It seems that vaccination was controversial right from the start -- naturally so, since the very idea of injecting pus into one's child is enough to frighten the bejeebers out of anyone.
To separate emotional reactions to the very idea of vaccination from accurate data on the effectiveness of vaccination, let's look specifically at reports that include tallies of smallpox cases in which the vaccination status of the individual is known.
The data on fatality rate among vaccinated vs. unvaccinated cases of smallpox is found on pages 104-153:
"175. Specially valuable information bearing on the protective influence of vaccination is, we think, to be found in the careful and scientific investigations which have been instituted in the case of several recent local epidemics. The first of these was the work of Dr. Barry during the Sheffield epidemic of 1887-8. Five others have been appointed by medical men appointed by ourselves. Dr. Coupland reported on the epidemics in Dewsbury and Leicester, which took place in 1891-2 and 1892-3 respectively; Dr. Luff on outbreaks in London in 1892-3; Dr. Savill on an epidemic which visited Warrington in 1892-3; and Dr. Doupland on an epidemic in Gloucester in 1895-6....Their findings with respect to fatality were summarized by a table on page 227 of "The Elements of Vital Statistics", 1899:
202. We proceed now to consider the evidence derived from a comparison of the fatality of smallpox as it has affected the vaccinated and unvaccinated respectively. The most important information on this head is undoubtedly to be found in the reports ... to which we have already referred. Great pains were taken to ascertain the condition as to vaccination of the persons attacked... "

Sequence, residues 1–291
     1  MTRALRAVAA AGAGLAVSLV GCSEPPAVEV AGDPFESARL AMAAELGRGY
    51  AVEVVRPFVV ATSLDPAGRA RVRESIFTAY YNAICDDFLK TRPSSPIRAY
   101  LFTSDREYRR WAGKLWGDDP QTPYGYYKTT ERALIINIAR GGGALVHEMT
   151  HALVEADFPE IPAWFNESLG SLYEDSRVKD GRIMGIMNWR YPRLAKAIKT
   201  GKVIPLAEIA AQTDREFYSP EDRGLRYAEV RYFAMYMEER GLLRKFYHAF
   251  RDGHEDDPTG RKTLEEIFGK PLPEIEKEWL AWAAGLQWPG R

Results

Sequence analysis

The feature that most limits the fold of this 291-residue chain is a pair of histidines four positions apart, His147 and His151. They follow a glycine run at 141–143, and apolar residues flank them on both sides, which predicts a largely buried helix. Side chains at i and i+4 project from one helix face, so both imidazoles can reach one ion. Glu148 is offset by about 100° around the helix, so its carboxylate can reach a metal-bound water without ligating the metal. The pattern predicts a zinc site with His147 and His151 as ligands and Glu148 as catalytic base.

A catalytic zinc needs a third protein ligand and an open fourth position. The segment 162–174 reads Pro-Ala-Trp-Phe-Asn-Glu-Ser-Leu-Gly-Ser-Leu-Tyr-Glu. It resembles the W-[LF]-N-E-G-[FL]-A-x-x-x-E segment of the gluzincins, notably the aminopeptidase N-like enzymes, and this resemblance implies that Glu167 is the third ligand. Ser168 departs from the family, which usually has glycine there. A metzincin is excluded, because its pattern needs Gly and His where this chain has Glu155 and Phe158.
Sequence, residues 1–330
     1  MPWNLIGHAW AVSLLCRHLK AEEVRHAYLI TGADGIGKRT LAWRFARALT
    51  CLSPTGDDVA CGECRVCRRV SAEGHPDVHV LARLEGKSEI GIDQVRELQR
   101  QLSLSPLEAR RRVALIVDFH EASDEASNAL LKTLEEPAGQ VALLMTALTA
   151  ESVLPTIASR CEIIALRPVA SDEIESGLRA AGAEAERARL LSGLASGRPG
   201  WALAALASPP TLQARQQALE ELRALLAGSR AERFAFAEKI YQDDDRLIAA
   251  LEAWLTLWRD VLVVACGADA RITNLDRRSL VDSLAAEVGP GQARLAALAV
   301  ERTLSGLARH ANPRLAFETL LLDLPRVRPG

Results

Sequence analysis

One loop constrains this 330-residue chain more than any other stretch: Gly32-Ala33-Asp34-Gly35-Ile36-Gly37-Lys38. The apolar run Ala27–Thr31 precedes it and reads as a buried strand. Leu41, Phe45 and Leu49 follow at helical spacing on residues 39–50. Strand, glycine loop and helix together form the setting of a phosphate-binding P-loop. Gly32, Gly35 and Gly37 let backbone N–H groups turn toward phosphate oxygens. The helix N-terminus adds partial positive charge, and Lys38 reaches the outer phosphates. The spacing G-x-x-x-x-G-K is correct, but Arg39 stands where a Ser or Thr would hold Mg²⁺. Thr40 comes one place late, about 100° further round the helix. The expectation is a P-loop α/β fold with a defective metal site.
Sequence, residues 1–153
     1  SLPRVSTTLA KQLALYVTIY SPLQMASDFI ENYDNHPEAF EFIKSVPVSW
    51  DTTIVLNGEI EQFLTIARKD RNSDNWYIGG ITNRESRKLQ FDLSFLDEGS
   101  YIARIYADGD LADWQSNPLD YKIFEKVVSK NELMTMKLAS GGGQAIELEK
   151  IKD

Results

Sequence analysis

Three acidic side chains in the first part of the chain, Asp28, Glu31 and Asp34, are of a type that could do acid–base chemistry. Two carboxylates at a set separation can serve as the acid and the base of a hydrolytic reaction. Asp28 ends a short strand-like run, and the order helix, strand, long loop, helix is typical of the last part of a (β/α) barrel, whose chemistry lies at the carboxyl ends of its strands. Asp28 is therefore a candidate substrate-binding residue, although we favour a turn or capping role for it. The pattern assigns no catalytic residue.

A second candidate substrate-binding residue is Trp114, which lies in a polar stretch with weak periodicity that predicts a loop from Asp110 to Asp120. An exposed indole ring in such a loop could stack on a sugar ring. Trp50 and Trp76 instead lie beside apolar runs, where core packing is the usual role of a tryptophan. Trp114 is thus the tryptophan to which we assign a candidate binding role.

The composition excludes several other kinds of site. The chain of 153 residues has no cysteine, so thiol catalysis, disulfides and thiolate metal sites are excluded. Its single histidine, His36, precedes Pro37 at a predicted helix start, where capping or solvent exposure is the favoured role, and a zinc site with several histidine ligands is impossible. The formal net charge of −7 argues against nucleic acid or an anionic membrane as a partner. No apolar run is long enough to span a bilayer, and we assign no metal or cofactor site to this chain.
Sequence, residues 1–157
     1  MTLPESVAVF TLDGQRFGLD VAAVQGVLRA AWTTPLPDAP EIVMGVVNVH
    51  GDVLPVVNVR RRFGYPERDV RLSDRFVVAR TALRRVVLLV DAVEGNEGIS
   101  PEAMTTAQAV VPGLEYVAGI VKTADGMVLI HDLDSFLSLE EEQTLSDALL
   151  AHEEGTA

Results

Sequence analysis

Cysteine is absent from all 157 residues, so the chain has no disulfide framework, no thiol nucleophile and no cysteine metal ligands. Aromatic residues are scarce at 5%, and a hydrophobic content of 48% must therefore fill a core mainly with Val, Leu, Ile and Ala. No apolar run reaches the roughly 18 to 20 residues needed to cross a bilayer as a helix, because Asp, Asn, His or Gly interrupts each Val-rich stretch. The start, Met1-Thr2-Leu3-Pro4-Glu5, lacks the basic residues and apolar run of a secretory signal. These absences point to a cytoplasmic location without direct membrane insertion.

|Vaccinated cases under 10||353||110||44||33||2||26|
|Fatality per cent||1.7||0.0||2.2||6.0||0.0||3.8|
|Unvaccinated cases under 10||288||228||174||32||107||680|
|Fatality per cent||43.9||26.7||32.1||67.5||14.0||41.0|
|Vaccinated cases over 10||3774||1643||577||460||197||1185|
|Fatality per cent||5.1||2.3||2.6||6.4||1.0||10.0|
|Unvaccinated cases over 10||322||181||192||36||51||88|
|Fatality per cent||54.2||20.9||18.7||33.3||7.8||39.7|
From this table it seems clear that vaccination reduced the fatality among smallpox victims by a factor of four or higher; among those under ten years of age, it reduced fatality by a factor of 25 or higher.
A frequently-cited article taking issue with this conclusion is in the book "The Wonderful Century" by Alfred Wallace, a well-respected scientist. (Two earlier chapters in the book, The Neglect of Phrenology and The Opposition to Hypnotism and Psychical Research) call his scientific judgement into question, but that's another story.)
The chapter on smallpox vaccination was originally published as a separate pamphlet: Vaccination a Delusion, its Penal Enforcement a Crime:
" This Essay has been written for the purpose of influencing Parliament, and securing the speedy abolition of the unjust, cruel, and pernicious Vaccination laws. For this purpose it has been necessary to speak plainly of the ignorance and incompetence displayed by the Royal Commission, proofs of which I give from their "Final Report" and the evidence they have collected and printed...It seems his objections to the data boil down to